China’s Proposal Regarding RCEP-based FTA
Taking benefit of the opportunity, Chinese Premier Li Qiang who has been representing China on behalf of Xi Jinping has urged Japan, South Korea, and ASEAN countries to support China’s bid to join the world’s largest free-trade pact the FTA in the ASEAN Summit on the 6th September of 2023. With the mentio0n of China’s intention of expanding trade and mobility within the Asia-Pacific, Premier Li Qiang stated “I hope all parties will support Hong Kong to become one of the new members of the Regional Comprehensive Economic Partnership.”
“Disagreements and disputes between nations sometimes stemmed from misconceptions or perceived conflicts of interest, while at other times they stemmed from some undue external interference,” Li Qiang added.
“It’s very important at present to oppose taking sides, bloc confrontations, and a new cold war,” Qiang further added.
Clearing the Fog
These particular statements of Li Qiang gave birth to China’s prognosis regarding the unannounced coalition with the United States. The US government has been fueling China’s Cold War by arm aiding Taiwan. Even the Biden Administration’s recent FMF arms-aiding to Taiwan ended up cornering China. According to the critiques, the rising unrest between the two governments has pushed China to pull up its gourd. This may be the potential reason for Xi Jinping to avoid the current global summits and Qiang’s resort for seeking support for RCEP membership. It should be mentioned that, last year China formally requested to join the RCEP when the free-trade pact took effect for the inaugural 10 economies.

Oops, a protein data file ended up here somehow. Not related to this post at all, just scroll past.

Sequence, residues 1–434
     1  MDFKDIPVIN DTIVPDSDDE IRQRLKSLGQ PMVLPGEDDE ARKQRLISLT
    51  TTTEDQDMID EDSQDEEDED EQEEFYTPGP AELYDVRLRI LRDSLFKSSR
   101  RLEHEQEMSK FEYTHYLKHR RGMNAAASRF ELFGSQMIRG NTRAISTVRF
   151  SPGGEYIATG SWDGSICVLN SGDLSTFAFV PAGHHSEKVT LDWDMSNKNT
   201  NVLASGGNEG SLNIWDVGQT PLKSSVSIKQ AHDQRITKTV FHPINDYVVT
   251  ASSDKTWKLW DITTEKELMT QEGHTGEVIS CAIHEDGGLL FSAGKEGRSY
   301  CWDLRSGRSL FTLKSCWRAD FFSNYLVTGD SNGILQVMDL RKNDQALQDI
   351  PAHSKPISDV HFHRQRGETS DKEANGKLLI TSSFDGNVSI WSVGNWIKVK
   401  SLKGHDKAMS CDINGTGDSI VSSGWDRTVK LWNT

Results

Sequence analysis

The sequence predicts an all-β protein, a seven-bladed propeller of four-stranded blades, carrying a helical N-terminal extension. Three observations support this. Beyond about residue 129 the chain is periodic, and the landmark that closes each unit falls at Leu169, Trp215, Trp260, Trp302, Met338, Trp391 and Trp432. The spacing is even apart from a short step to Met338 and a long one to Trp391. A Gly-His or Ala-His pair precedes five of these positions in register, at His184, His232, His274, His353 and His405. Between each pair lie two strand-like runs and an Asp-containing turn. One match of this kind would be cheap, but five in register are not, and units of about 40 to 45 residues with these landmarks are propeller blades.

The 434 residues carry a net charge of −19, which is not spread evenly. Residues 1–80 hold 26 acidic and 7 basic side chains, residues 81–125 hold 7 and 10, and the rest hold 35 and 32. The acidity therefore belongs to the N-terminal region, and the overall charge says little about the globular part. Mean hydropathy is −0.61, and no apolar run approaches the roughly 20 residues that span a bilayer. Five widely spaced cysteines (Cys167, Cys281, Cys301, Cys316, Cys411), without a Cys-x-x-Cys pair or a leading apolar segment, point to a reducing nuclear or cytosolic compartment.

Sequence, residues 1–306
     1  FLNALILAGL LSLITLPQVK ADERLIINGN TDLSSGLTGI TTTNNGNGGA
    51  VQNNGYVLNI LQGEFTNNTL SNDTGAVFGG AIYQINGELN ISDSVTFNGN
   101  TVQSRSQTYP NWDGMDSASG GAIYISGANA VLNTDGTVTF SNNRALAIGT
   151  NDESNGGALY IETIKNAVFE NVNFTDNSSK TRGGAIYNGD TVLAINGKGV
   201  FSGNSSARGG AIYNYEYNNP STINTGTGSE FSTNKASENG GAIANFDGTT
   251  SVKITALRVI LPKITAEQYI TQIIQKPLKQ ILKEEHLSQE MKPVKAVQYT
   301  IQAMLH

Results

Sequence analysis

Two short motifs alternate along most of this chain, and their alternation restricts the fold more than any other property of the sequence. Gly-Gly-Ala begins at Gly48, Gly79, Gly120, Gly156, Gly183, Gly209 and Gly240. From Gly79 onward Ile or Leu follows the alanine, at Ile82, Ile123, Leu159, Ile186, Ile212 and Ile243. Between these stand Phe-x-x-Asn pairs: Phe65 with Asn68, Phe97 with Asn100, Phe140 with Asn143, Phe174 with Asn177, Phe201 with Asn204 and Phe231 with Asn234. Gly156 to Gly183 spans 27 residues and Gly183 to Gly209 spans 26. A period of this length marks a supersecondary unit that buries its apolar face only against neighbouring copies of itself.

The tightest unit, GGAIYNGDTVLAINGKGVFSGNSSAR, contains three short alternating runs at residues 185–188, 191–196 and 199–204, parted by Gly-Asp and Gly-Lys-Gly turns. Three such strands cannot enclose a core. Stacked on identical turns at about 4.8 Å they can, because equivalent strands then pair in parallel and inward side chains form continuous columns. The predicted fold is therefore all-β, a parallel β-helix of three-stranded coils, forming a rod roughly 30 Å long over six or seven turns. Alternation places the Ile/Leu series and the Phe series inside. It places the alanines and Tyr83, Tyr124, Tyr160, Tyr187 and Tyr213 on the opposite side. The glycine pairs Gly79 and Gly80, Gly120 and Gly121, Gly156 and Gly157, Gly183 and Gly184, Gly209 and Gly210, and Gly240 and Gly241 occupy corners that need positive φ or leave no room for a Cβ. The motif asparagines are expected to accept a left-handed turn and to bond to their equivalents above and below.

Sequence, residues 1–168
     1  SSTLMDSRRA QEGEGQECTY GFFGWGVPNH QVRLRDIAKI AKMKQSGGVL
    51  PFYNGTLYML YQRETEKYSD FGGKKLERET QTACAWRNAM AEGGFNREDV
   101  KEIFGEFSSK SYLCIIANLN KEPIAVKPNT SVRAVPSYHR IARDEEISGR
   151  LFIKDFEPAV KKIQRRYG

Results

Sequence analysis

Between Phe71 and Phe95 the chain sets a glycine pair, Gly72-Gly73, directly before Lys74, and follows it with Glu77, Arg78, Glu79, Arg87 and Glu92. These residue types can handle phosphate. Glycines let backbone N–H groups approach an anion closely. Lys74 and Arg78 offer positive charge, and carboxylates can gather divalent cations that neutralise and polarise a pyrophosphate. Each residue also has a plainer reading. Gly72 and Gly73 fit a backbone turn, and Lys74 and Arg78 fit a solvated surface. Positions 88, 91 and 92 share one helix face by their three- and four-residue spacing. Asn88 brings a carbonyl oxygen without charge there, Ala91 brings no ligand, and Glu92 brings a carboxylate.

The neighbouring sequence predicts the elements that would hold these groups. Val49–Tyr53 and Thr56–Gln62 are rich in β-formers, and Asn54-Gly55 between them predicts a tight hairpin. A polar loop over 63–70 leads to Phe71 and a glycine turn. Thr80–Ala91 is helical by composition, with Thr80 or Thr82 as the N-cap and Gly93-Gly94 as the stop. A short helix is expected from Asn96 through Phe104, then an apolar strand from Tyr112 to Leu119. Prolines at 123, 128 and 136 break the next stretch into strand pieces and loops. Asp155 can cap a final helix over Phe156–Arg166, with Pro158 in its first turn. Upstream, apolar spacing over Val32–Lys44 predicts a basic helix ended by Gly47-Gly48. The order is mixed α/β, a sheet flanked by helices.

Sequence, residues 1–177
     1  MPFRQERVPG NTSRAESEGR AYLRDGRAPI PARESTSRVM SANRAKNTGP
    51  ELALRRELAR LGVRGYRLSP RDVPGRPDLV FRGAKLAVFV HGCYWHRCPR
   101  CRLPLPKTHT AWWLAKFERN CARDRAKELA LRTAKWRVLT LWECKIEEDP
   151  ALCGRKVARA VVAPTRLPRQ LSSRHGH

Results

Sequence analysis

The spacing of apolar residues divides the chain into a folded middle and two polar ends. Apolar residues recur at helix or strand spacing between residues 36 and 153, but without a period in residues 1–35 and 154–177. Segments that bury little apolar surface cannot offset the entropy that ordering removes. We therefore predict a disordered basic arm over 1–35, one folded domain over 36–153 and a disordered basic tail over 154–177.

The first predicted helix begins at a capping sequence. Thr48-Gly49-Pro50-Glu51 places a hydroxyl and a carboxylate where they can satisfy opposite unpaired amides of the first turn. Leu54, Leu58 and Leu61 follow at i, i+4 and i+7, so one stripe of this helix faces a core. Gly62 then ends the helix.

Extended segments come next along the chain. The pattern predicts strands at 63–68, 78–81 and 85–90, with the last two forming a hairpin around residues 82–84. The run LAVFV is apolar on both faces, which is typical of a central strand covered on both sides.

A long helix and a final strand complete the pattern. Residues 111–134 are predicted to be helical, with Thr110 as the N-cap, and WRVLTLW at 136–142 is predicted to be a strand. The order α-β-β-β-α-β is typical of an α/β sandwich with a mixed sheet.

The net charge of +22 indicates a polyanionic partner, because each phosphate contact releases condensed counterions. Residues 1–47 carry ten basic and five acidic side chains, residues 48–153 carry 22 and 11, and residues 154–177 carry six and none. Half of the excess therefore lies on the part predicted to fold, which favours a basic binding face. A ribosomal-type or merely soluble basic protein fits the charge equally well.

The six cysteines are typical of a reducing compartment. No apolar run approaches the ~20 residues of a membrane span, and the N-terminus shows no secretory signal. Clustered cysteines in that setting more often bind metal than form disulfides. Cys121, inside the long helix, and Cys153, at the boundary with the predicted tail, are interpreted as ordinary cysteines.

Bangladesh Applying for RCEP
Cherishing the fact Bangladesh intends to submit its formal application for membership to join the Regional Comprehensive Partnership (RCEP) to retain duty benefits once it makes the United Nations status graduation from a least developed country to a developing one by 2026, as the negotiation period is a lengthy process. The submission awaits to receive approval from the Prime Minister’s Office.
Noor Md Mahbubul Haq, the Additional Secretary of the Ministry of Commerce stated, “A summary on the pros and cons of joining the bloc has been sent to the prime minister. Upon approval, a formal letter of interest will be sent to the RCEP for Bangladesh’s accession as a member.”